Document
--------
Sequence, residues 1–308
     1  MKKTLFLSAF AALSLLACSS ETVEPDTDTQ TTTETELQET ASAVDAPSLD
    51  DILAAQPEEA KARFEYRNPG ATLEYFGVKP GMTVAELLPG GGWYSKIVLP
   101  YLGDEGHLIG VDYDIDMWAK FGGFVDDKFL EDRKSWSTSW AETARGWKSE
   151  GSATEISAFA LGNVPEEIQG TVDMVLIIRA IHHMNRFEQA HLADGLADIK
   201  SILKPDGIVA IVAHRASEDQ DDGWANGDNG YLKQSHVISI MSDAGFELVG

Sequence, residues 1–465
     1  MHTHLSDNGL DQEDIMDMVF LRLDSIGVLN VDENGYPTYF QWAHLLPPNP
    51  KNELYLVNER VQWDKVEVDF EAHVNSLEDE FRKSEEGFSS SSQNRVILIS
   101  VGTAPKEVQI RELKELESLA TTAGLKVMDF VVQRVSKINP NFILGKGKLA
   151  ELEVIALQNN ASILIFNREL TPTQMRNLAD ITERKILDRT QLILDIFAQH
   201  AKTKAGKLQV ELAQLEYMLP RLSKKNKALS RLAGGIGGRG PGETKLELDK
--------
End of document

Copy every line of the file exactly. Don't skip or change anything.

Sequence, residues 1–308
     1  MKKTLFLSAF AALSLLACSS ETVEPDTDTQ TTTETELQET ASAVDAPSLD
    51  DILAAQPEEA KARFEYRNPG ATLEYFGVKP GMTVAELLPG GGWYSKIVLP
   101  YLGDEGHLIG VDYDIDMWAK FGGFVDDKFL EDRKSWSTSW AETARGWKSE
   151  GSATEISAFA LGNVPEEIQG TVDMVLIIRA IHHMNRFEQA HLADGLADIK
   201  SILKPDGIVA IVAHRASEDQ DDGWANGDNG YLKQSHVISI MSDAGFELVG

Sequence, residues 1–465
     1  MHTHLSDNGL DQEDIMDMVF LRLDSIGVLN VDENGYPTYF QWAHLLPPNP
    51  KNELYLVNER VQWDKVEVDF EAHVNSLEDE FRKSEEGFSS SSQNRVILIS
   101  VGTAPKEVQI RELKELESLA TTAGLKVMDF VVQRVSKINP NFILGKGKLA
   151  ELEVIALQNN ASILIFNREL TPTQMRNLAD ITERKILDRT QLILDIFAQH
   201  AKTKAGKLQV ELAQLEYMLP RLSKKNKALS RLAGGIGGRG PGETKLELDK